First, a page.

Map in hand, Dale leading the way, we’d already been walking for a couple of hours in Daegu, South Korea. We were both carrying our backpacks & daypacks whilst looking for a hostel. Tiredness kicked in, so we thought of a suggestion that one of our couchsurfing hosts gave us, she said we should definitely try the Jjimjilbang before leaving Korea.
All we knew was that Jjimjilbang are Korean Public Bathhouse open 24 hours, where you can also spend the night in if you want to. We could have done with a nice wash and we were definitely looking for a place for the night, so the decision was kind of made for us.
We found one, followed corridors and doors down the the basement, and walked in. It was unbelievable cheap (only 7000 won each about €5, $7, £4), we thought it was a bargain without actually knowing what we suppose to do or where we would sleep later.
The bath area isn’t mixed so Dale went to the male area and I proceeded to the female one. I had absolutely no idea of what I supposed to do so I gave a quick look around – people watching is one of my favourite activities – it wasn’t difficult to figure out how it worked.
In the lockers room there was a lady selling food, drinks and bath related items (soaps, scrubs, facial masks….).
Sorry, there will be no photos of the bath area, use your imagination!
I needed to get naked of course, there was no private changing room and everybody was walking around without any clothes on so I had no choice, I followed the ‘rules’.
I must admit, I felt uneasy to start with, especially considering that all the eyes were pointed toward me, oh yes, I was the only ‘non-Korean’ woman in there.
After the unusual start, I walked into the bath area which was super steamy. Again a quick glimpse was enough to understood I needed to shower first before entering in any of the many tubs, so I used the stand up shower which was again without any doors or curtains.
Some other people were using the sitting down showers and most of them were scrubbing each other hard, making the skin really red, I guess to get rid of the dead skin.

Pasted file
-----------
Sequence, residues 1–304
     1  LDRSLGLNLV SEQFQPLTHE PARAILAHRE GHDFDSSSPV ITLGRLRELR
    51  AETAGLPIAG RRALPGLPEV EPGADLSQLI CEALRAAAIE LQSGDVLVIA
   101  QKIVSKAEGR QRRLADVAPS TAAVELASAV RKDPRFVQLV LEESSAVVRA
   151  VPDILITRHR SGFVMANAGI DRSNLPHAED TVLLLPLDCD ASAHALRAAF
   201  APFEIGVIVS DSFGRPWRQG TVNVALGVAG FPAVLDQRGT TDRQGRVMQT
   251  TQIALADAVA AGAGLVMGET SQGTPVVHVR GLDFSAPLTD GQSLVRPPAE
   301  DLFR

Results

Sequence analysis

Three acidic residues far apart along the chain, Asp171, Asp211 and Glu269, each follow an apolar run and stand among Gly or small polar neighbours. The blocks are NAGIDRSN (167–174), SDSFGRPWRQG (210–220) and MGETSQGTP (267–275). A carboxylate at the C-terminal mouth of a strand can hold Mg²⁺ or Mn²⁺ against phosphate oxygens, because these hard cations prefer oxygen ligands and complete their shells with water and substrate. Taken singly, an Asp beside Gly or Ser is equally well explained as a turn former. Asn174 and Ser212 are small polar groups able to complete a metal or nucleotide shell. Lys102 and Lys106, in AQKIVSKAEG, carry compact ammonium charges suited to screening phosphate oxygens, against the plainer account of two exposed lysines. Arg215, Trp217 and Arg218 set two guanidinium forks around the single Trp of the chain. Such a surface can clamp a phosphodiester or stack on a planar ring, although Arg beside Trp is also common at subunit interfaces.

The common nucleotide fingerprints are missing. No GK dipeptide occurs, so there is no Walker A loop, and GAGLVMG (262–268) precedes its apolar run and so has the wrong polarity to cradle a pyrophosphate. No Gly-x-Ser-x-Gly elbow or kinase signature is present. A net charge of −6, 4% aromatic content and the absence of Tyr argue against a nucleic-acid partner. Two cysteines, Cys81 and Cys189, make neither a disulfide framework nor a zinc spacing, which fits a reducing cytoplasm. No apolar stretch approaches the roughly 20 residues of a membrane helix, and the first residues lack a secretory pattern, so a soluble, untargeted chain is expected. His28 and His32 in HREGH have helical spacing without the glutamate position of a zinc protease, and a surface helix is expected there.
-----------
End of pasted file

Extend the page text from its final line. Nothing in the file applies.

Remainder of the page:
There were few mothers and daughters (unless there were aunts and nieces or simply friends), some very young, maybe around 6 years old? That made me think how going to these baths must be quite traditional in Korea.
There were so many tubs with water at different hot temperature, one was ice cold maybe useful for when you get out of one of the saunas? Not sure, I’m not an expert as you can probably guess.
There were massage beds too where somebody was enjoying one.
I did what everybody else was doing but in my own way, I enjoyed the ‘Jacuzzi’ massage style in some tubs, then got dressed with a kind of pajamas supplied to whoever was going to spend the night there and met Dale in the hall.
We both laughed at each other because we looked clothed in a kind of uniform of baggy pants and baggy tops of different colors depending on the gender, I had the pink one and Dale, you can judge from the picture below.
Time For ‘Bed’!
We couldn’t believe our eyes when we entered the sleeping area. I wasn’t expecting a bed, I thought there would have been some kind of sunbeds where we could crash on, WRONG!
There were people sleeping everywhere on the floor which fortunately was heated.
There were some TVs still on, there was a lady selling some snacks, drinks and random food like baked eggs and cup noodles. There were dry saunas at different temperatures, dark rooms for whoever didn’t like the soft light, a PC room, a lot of bookshelves full of comics and few other rooms. NO BEDS or MATTRESSES.
The pillows looked like small bricks in shape and also consistence (they weren’t the soft kind :()
So let’s find some floor space before it gets too crowded, shall we?
We spent 2 nights at the Jjimjilbang because it was so cheap (life of two budget backpackers) and I have to admit that was a very weird, unusual but at the same time interesting sleep I’ve ever had so far.
Did I like it?
It’s not my kind of activity to do, I’m glad I tried it though and I’d probably do it again if I had no other place to sleep.
Apparently it’s very common for businessmen to stop over at the Jjimjilbang for a night after a late meeting (we saw a few).
They are also very popular as weekend getaway for Korean families, for young friends, for couples, for dates and for whoever misses the last run on the tube.
Would you go?